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The coronavirus disease 2019 (COVID-19) pandemic has had far-reaching consequences for many people and has amplified disparities that existed before the pandemic. One area that has received attention pertains to women, especially female parents, in academic environments. Before the pandemic, women already assumed more of the household and childcare duties than their male counterparts.1- 3 With the pandemic, this disparity has likely been amplified and may now be adversely affecting the careers of women in academia in an unfortunate and lasting manner. With the shutdown of daycare centers and schools, women have assumed nearly twice as much of responsibility for caring for their children at home compared with men.4,5 As such, women’s ability to successfully work from home may be hampered, negatively influencing their academic productivity. It has been reported that during the COVID-19 pandemic, the percentage of men uploading manuscripts to the preprint servers arXiv.org and bioRxiv.org from March 15 to April 15, 2020, increased more than the percentage of women compared with the same period in 2019.6 Authorship gender among 15 839 COVID-19 articles published between January 1 and June 5, 2020, was compared with 85 373 articles published in the same journals during 2019, with both samples being based on first and/or last authors with US affiliations.7 The study found that women represented 5% less of first and last authorship positions in 2020 compared with men.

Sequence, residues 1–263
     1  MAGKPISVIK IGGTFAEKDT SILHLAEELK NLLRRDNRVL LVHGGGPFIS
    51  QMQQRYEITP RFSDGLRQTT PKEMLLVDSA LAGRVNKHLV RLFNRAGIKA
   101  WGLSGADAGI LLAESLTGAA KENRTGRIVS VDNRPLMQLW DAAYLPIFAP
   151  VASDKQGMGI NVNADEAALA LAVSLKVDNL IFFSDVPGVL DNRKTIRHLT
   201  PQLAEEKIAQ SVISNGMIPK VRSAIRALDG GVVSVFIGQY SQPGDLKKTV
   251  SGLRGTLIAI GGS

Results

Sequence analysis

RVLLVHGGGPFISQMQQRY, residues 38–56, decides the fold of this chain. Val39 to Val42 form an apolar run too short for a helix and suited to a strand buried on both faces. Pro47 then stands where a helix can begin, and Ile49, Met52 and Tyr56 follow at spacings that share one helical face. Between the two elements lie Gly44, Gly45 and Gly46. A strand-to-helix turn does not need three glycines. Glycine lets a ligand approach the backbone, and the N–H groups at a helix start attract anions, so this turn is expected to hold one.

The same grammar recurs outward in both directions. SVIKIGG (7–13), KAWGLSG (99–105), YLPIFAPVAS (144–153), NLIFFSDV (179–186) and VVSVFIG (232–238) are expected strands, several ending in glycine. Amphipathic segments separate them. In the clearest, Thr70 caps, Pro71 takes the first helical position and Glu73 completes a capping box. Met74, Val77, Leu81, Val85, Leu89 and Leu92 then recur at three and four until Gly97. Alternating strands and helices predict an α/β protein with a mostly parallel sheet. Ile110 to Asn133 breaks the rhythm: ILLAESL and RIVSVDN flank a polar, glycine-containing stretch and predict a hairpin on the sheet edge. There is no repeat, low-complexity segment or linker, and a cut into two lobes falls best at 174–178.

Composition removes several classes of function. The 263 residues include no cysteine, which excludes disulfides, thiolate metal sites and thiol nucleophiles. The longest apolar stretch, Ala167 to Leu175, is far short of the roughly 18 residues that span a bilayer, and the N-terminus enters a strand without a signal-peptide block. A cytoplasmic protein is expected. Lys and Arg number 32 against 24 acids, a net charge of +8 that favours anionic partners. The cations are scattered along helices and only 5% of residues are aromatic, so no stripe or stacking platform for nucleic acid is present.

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Corresponding Author: Melina R. Kibbe, MD, Department of Surgery, University of North Carolina at Chapel Hill, 4041 Burnett-Womack, CB 7050 101 Manning Dr, Chapel Hill, NC 27599 (firstname.lastname@example.org).
Conflict of Interest Disclosures: None reported.
Published Online: August 4, 2020. doi:10.1001/jamasurg.2020.3917
Additional Contributions: I thank Elizabeth Gorsuch, MA (University of North Carolina at Chapel Hill), for her assistance with data abstraction. She was not compensated.
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